Is now the time for brands to increase their understanding of consumers in their social context?
Posted by Will Butterworth on March 1, 2011
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At the Value Engineers we are always interested in finding, understanding and developing new ways of thinking about brands and branding. Looking outwards at the current social landscape of the UK where the constant reminder of impending government cuts to education has already caused a severe backlash, perhaps now is the time for brand-owners to consider how they can use a better understanding of the social landscape to their advantage.
During a recent project the topic of brands as cultural icons reared its head in relation to brand diffusion (how brand usage spreads throughout a population of target consumers). Although there are only indirect links between the theories, one can draw parallels between them under the banner of cultural branding: both adopt a view of their target in a social context rather than simply through a narrow lens of consumers in category X, Y or Z.
Douglas B Holt, in How Brands Become Icons,, puts forward a highly academic model which allows brands to draw on cultural learning in the journey to becoming viewed as icons. Using Holt’s theories as a foundation fellow Engineer Gavin Galloway and myself developed a simpler model for brand owners interested in turning their brands into what we have termed “Identity Brands”. Our model is based on the agreement that achieving iconic status is not only highly subjective, but also that it cannot be pinned down to one single model or approach.
Identity Brands as we define them are brands that provide consumers with feelings of identity and purpose in their cultural surroundings and in doing so may (or may not) reach iconic status as a result. Achieving this is largely based on the provision of what we have termed a “social support” mechanism, whereby a brand will recognise a social deficit in its consumer’s lives and, through its communications, provide a social support idea to address it. The desired effect of course, being that once this is achieved the brand will exhibit what fellow Engineer James Littlewood calls: a transformational quality insofar as it makes people feel that they can express their own identity with a greater degree of confidence.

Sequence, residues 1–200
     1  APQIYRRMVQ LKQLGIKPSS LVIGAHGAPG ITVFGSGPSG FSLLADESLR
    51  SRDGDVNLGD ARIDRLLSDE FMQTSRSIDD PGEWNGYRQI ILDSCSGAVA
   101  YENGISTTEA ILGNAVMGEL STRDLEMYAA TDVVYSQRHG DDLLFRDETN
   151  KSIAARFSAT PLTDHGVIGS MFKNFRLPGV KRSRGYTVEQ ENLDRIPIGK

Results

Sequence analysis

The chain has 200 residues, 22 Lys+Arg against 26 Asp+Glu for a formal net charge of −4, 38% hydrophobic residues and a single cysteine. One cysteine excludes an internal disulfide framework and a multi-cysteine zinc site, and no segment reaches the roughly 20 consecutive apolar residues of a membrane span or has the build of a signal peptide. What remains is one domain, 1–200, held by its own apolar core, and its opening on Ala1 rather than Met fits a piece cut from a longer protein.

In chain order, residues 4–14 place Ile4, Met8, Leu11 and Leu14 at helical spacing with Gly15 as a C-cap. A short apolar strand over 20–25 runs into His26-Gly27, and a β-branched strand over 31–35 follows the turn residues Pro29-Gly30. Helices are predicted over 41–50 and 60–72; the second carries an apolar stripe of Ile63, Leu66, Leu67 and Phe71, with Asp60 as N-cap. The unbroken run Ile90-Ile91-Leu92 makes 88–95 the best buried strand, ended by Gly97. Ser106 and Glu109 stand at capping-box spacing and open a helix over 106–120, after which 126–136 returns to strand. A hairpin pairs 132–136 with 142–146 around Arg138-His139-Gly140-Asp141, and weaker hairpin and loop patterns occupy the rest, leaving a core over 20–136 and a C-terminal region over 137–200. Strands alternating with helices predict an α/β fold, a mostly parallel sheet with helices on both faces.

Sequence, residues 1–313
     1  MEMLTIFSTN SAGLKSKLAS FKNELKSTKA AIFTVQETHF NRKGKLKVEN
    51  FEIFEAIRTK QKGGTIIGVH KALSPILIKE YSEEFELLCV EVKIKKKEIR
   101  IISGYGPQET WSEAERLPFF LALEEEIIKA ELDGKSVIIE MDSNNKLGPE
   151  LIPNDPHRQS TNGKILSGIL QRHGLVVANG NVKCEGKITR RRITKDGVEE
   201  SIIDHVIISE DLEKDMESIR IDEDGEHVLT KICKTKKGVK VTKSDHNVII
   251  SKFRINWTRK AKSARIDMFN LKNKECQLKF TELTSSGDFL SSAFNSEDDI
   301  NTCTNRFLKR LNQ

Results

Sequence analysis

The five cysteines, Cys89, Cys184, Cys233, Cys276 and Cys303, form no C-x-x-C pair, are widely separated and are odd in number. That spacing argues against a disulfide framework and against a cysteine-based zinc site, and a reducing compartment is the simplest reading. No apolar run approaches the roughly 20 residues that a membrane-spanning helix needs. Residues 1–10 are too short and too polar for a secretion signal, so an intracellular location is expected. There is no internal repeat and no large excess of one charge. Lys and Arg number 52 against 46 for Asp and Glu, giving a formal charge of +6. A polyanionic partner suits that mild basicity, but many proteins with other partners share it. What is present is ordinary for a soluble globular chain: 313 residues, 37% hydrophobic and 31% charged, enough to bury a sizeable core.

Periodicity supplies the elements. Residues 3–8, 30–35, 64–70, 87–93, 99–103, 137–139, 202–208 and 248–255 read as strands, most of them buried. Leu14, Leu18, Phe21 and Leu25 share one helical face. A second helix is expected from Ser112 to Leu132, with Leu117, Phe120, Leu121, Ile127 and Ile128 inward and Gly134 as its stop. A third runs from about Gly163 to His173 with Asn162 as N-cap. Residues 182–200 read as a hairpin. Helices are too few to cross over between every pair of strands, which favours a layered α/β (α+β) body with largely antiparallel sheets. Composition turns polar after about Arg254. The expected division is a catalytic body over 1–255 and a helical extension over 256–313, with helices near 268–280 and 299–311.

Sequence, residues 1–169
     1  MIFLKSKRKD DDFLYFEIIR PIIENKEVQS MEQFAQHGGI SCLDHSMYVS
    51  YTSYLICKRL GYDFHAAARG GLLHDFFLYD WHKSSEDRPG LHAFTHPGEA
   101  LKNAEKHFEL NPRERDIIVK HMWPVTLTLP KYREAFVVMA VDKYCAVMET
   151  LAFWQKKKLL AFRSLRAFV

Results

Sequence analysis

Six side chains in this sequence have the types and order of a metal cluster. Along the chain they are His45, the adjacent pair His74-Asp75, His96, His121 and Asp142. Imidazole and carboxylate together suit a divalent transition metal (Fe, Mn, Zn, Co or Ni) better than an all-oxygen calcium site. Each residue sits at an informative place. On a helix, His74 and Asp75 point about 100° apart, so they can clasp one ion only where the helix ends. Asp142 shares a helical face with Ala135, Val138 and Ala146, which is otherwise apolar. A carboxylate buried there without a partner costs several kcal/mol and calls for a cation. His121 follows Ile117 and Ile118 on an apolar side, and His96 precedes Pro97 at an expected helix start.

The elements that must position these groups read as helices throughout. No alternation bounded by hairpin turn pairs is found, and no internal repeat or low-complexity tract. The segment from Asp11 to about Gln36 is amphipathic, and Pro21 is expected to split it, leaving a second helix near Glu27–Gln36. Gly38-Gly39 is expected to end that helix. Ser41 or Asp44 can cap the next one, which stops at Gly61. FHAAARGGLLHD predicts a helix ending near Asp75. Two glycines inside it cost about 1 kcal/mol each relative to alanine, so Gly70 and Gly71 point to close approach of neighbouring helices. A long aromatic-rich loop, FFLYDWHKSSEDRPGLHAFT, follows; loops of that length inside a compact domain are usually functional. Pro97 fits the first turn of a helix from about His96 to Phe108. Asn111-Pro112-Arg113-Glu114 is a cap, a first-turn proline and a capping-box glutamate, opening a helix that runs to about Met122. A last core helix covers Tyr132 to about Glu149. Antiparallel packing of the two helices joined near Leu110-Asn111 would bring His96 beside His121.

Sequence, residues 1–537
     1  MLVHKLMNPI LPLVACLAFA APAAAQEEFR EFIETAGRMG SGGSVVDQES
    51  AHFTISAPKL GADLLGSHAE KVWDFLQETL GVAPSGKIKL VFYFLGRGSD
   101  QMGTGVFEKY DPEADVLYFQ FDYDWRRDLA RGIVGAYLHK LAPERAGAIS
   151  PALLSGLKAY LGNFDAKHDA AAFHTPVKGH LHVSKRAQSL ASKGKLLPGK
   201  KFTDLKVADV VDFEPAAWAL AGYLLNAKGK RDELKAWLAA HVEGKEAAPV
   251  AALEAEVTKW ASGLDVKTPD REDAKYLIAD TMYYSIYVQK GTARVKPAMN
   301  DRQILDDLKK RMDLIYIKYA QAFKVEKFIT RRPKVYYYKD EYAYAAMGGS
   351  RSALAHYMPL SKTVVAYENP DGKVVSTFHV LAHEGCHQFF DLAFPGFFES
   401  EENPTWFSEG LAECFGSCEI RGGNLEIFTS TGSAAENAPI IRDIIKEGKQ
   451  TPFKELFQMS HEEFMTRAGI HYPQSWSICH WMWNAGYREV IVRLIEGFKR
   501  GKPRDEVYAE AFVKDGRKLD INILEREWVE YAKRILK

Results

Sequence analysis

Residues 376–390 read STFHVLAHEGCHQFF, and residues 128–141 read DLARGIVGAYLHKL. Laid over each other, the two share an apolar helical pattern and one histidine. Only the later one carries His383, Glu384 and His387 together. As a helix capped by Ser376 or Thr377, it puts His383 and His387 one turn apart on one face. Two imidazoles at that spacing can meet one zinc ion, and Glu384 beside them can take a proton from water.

By way of example the “social deficit” in the lives of their target consumers identified by Dove prior to their Campaign for Real Beauty was based on the view that the beauty industry was inherently flawed in its presentation of feminine beauty. As the video below demonstrates Dove reminded its target consumers of the unrealistic image goals set by the mass media.
The “social support” mechanism provided by The Campaign for Real Beauty gave women alienated by the traditional discourse surrounding beauty a way to express an element of their own identity, that of body shape, with a far greater degree of confidence.
The Identity Branding model we have developed asks brand-owners to do the following:
- Consider the brands consumers as social beings.
- Look for problems / issues that may produce a “social deficit” in any part of their lives, not just socio-economics (consider the role of social categories – age, sex, class, ethnicity – in identity construction)
- Interrogate all relevant sources for possible material to use as a basis for “social support” (e.g. the attitudes & lifestyles of brand consumers themselves, current & emerging aspects of popular culture, new/emerging social trends.)
- Construct a new brand proposition that is based on a “social support” idea.
- Check brand for fit & credibility.
In demonstrating the applicability of the model Gavin and I used 3 case studies; Adidas: We Are London, Dove: Campaign For Real Beauty and Carling Black Label: I Bet He Drinks. Below is an example of how in the 1980’s Carling Black Label addressed the social deficit felt by men in the North of England, caused by high unemployment. In doing so CBL created a social support idea for the target which presented them as straightforward, honest and savvy blokes who, despite their current difficulties, always had this (and CBLs championing of it) to fall back on as a form social support.
Whilst the Identity Branding example we have used above shows the applicability of our model, we have feel it will be more successful when applied to certain categories than others. Categories that we have identified as more suited to the Identity Branding approach are as follows:
- Fashion and beauty brands
- Technology brands
- Alcohol brands
- Sports brands
- Car brands
…and we will be keeping an eye out for any brands from these categories who aim to provide social support for their consumers in the future.